“They look like little parrots” one neighbour said. They look like great treasures to me. 20 years ago, I was thrilled to see a little charm of goldfinches for the first time, when I flushed them accidentally while walking in the depths of the English countryside. Now they’re in my street. Not only here, but by the evidence of some of their activity it looks like they’re staying…

Be happy in your home, little parrots, great treasures. You’re making me happy by being here.

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Appliance delivery day. Something large and white that says “2 man lift only” on the packaging but one hardened delivery person carries in on their shoulder. Upheaval to the routine. Change. Waiting. Lots of waiting for 5 minutes of action when one white good goes out feet first and its replacement lands. My hands are tied, can’t go out and explore, have to wait.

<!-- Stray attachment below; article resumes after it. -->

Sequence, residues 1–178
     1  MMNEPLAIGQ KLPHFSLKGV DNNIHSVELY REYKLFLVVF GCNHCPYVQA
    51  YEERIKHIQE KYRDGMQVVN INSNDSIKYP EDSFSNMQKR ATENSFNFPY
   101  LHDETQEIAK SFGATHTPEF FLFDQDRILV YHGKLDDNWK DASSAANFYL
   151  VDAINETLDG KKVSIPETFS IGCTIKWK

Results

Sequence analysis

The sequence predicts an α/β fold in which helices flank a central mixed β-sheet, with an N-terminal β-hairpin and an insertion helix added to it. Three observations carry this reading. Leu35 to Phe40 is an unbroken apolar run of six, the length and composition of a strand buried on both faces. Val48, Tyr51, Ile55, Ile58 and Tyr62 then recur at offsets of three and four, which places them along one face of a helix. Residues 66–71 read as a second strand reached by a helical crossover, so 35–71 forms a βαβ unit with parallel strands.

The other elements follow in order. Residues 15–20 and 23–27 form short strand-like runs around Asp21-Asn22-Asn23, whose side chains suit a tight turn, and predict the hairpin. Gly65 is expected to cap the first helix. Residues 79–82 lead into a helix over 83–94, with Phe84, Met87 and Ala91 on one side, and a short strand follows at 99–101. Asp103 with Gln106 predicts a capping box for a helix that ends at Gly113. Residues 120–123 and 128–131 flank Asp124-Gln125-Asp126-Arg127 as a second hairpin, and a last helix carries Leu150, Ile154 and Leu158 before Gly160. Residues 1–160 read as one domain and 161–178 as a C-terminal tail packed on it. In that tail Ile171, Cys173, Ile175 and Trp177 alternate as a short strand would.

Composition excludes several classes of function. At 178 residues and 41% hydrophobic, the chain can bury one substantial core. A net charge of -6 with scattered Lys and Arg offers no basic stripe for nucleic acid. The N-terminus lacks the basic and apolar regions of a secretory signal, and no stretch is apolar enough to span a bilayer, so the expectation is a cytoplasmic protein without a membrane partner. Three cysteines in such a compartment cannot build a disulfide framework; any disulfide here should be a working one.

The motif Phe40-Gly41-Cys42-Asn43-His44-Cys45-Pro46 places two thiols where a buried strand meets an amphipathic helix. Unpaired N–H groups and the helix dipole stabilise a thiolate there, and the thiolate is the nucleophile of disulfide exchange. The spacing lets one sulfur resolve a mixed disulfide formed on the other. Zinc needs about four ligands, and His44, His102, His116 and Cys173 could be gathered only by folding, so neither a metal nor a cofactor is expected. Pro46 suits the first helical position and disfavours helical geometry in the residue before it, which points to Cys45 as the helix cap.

There’s a sense of the seasons passing as I look out of the window from my desk. While some birds are still parading around with a beak full of food, a whole new generation is already fending for themselves.

Even the presence of a rival male only elicits a half-hearted flapping response today.

The starling juveniles are happily looking after themselves, more accompanied by parents now rather than directed by them.

When they turn up on the feeders its often the juveniles who get there first now, some of their youthful ungainliness disappearing with experience, though their genetic starling clumsiness will never leave them as their parents demonstrate.

Sparrows, whose offspring are already losing their gape and you have to look hard to see which are older birds and which are 2018 edition, carry on regardless on the roadside verge. Or at the feeders, where their presence is always welcome, even when they’re being particularly argumentative and scrappy as they were today.